I have been thinking for the last few days about the recent wave of tornadoes to hit the country in the past few days and weeks and the role of illustration in commenting on such events.
When I look at the photos and hear and read the stories of the devastation and loss, I am struck by the fact that the photos themselves tell so much of the story that to simply repeat what they have done with paint and line seems somewhat, not pointless, but nearly that. I cannot think of the word right now. My first thought was that one should go to the place where the tornado has struck and report on it firsthand, getting to know the people there and tell their stories. But, with people needing real help, and not onlookers, this seems like the wrong thing to do on many counts. But, is it better to sit at home or in our studios and do what we so often end up doing, armchair reporting? As illustrators, we often sit at our studios and comment on things from a distance. Though not ideal, it does seem to be the situation we are in, with tight deadlines and the expectation that because we can deliver the work quickly via the internet, that we are expected to and that we should do so. Often, this results in illustrations that are rife with symbolic interpretations of events and both iconic in imagery and technique. I am not faulting anyone for this type of approach, and like a lot of work that uses one such as this, but it does seem overly prevalent in today's publications and websites.
I think that possibly, a better approach might be to take a longer view and try to tell one person's story over a period of time and learn as much as one can about the person's experience, and report on it. This might include actually helping out the person you are learning about, either with monetary help or with rebuilding what they have lost. I think what I am talking about is really partnering with the subjects of our illustrations and involving them in the storytelling process. I don't know, just some thoughts this morning.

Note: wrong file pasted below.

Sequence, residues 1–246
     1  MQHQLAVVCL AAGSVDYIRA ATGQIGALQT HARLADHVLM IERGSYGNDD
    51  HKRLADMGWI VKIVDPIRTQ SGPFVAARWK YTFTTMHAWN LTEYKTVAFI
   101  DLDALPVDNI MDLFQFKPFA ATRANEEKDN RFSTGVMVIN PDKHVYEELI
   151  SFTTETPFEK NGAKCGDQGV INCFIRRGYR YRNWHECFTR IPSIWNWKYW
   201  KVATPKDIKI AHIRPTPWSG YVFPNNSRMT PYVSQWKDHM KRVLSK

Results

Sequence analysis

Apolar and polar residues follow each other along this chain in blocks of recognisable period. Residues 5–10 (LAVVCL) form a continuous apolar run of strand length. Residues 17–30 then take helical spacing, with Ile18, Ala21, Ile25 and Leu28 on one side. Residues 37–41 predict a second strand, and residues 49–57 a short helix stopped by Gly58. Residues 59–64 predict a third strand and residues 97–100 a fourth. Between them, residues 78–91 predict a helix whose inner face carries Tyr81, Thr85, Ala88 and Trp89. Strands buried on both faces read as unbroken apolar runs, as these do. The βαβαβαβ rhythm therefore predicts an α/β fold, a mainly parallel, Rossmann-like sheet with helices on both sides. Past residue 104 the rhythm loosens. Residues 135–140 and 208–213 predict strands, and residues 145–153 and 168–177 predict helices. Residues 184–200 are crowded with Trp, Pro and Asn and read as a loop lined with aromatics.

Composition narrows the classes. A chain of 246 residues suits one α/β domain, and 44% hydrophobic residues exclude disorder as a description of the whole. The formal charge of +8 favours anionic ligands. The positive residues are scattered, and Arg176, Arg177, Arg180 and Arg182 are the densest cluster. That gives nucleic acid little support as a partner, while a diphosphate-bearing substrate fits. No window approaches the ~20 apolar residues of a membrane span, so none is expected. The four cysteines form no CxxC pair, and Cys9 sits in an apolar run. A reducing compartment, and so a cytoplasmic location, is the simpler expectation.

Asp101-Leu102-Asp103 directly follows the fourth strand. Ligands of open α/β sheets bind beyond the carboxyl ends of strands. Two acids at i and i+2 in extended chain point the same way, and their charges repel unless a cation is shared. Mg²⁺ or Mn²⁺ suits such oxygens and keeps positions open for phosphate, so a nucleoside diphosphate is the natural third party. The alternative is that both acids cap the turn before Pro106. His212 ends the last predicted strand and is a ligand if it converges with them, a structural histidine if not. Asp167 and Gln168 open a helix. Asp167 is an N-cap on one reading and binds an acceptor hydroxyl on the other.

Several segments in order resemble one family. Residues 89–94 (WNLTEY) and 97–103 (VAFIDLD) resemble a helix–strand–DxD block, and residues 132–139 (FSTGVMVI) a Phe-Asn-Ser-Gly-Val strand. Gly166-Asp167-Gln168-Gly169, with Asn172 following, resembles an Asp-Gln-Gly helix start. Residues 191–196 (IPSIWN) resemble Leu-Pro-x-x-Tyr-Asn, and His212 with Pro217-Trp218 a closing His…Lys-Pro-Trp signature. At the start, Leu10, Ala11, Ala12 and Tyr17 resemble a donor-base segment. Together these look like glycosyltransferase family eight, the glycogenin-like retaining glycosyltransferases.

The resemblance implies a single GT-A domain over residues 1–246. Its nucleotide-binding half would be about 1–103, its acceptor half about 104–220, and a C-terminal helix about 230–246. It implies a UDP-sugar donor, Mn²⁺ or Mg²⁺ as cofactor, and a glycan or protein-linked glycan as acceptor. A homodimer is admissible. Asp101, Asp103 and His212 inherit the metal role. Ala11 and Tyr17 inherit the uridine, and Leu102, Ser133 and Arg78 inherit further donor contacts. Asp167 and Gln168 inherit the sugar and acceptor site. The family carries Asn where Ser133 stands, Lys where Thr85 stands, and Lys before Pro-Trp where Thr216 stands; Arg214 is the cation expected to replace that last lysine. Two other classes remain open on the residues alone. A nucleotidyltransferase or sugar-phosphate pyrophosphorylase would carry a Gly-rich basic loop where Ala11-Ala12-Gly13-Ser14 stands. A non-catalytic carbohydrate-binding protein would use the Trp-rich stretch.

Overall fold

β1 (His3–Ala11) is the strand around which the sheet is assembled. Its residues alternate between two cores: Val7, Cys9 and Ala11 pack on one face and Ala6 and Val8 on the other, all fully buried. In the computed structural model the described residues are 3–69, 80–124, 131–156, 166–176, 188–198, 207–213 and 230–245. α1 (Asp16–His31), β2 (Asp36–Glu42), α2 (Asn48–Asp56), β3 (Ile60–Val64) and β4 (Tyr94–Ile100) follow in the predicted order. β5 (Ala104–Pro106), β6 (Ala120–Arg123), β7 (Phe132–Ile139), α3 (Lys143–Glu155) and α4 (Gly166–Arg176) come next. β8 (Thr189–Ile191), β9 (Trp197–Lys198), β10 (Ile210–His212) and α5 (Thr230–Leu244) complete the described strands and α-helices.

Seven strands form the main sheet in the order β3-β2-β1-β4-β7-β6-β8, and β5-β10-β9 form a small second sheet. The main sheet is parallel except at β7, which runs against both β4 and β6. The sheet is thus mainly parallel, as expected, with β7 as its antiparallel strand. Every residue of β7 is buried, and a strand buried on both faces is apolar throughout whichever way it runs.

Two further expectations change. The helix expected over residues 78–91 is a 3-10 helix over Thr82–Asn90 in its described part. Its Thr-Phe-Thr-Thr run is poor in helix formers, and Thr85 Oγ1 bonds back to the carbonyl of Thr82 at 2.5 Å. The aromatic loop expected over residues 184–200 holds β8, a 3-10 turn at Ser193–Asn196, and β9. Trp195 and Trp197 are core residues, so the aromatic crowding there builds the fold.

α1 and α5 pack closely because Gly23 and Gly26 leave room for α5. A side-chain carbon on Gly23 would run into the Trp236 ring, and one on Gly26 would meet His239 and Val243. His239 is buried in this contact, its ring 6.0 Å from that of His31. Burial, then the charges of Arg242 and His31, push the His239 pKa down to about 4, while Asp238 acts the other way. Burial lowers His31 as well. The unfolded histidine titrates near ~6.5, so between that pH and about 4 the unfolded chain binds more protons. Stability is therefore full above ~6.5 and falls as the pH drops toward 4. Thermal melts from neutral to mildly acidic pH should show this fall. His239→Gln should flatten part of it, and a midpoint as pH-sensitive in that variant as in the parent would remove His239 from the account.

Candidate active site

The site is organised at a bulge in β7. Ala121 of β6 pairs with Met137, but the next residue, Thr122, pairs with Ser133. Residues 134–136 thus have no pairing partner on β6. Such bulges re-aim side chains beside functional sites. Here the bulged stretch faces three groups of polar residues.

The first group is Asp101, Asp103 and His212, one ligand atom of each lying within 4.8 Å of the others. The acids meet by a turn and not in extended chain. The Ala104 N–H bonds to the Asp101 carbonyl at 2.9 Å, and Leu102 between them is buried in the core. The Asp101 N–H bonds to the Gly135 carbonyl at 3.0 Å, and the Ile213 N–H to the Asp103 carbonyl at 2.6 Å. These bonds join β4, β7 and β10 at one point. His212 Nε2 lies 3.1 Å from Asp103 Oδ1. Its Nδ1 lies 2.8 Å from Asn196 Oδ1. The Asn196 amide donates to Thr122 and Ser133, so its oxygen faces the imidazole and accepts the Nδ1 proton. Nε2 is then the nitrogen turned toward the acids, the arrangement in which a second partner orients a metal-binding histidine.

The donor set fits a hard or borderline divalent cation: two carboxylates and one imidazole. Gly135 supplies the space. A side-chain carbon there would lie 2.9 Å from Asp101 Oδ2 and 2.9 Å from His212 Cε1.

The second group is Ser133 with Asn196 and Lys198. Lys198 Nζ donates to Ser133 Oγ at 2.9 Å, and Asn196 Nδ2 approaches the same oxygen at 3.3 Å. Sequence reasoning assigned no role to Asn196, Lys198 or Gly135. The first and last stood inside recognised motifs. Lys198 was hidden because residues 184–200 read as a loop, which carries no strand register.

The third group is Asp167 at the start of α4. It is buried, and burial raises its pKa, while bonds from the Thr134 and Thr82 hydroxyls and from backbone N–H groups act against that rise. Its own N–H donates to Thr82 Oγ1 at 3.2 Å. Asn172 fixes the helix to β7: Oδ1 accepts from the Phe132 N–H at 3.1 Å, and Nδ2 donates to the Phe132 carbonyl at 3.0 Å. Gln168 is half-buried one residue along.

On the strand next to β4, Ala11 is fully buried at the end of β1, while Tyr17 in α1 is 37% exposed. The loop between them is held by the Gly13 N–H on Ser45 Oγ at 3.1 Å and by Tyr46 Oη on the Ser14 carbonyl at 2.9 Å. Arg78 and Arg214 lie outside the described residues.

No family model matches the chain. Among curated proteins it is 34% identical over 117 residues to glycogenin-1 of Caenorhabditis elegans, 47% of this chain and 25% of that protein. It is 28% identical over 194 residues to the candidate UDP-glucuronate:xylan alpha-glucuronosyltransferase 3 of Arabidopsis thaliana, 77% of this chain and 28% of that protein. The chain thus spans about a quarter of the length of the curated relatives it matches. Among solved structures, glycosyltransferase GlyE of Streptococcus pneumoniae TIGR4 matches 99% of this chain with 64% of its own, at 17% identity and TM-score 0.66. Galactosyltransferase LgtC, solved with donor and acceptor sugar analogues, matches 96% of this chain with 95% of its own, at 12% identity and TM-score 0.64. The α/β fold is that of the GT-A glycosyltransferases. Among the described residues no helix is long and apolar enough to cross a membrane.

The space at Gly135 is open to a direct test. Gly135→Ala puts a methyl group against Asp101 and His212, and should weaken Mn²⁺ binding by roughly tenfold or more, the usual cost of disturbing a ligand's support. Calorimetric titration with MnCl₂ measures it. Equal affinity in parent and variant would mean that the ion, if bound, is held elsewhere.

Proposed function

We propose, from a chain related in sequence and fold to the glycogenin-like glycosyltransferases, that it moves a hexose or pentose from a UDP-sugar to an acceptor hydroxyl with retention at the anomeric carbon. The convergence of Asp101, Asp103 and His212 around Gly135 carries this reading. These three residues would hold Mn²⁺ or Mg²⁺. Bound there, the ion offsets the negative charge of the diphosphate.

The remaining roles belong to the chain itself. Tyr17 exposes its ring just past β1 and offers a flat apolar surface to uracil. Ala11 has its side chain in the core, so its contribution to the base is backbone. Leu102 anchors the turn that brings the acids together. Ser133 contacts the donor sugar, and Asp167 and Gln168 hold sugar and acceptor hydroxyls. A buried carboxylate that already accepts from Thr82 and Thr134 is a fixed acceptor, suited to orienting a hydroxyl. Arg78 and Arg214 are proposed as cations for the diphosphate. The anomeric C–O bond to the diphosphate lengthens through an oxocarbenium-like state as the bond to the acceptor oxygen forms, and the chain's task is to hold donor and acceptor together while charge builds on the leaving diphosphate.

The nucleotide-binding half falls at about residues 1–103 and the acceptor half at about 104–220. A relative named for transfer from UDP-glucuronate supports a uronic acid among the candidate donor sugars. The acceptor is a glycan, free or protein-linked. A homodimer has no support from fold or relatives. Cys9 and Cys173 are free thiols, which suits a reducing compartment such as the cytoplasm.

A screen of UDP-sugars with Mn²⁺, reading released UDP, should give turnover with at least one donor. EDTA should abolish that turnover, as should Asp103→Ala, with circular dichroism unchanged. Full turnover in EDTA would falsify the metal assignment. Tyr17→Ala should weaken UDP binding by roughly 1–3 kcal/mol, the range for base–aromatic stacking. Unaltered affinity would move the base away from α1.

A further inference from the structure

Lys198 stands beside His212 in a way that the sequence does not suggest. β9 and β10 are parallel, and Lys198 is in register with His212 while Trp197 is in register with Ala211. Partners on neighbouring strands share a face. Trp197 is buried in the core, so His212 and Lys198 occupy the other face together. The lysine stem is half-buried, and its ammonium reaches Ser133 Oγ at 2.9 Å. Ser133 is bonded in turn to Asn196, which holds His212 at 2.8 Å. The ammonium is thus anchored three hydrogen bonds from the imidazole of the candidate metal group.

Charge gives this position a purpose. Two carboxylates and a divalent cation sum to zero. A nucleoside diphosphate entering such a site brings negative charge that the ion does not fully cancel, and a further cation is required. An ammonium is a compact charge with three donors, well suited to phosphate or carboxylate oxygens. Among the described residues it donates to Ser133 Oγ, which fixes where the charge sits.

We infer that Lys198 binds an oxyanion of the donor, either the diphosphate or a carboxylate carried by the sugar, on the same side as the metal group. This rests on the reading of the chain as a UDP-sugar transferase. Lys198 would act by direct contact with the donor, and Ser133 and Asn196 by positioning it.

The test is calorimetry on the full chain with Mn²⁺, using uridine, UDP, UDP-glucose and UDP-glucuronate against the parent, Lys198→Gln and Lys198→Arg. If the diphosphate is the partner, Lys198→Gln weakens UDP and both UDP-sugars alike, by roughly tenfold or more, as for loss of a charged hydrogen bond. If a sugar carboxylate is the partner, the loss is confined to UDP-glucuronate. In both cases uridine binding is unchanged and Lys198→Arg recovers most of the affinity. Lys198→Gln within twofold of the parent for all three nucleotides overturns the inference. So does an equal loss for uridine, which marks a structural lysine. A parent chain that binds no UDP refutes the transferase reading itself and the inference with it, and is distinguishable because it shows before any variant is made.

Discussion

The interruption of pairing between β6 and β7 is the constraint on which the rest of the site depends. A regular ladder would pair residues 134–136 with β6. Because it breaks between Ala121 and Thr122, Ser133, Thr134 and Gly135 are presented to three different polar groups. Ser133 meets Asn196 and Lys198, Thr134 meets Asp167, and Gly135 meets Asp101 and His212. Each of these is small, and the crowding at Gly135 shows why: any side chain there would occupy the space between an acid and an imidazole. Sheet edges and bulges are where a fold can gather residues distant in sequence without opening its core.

If this is somewhat disjointed and not well written, I apologize. It is more of a brain dump than an essay or well thought out post. I am curious and interested in knowing what others think. I hope to hear from you.
Wednesday, May 25, 2011
Saturday, May 7, 2011
On Thursday, May 19 at 6:30 pm I will be speaking at Frank Gallery at 109 East Franklin Street.
I'll be showing some of my monotypes and paintings and talking about how I stay involved in the creation of my work and answering questions related to some of the mental and physical processes around making ideas and observations into something tangible.
Contact Frank for further information.http://www.frankisart.com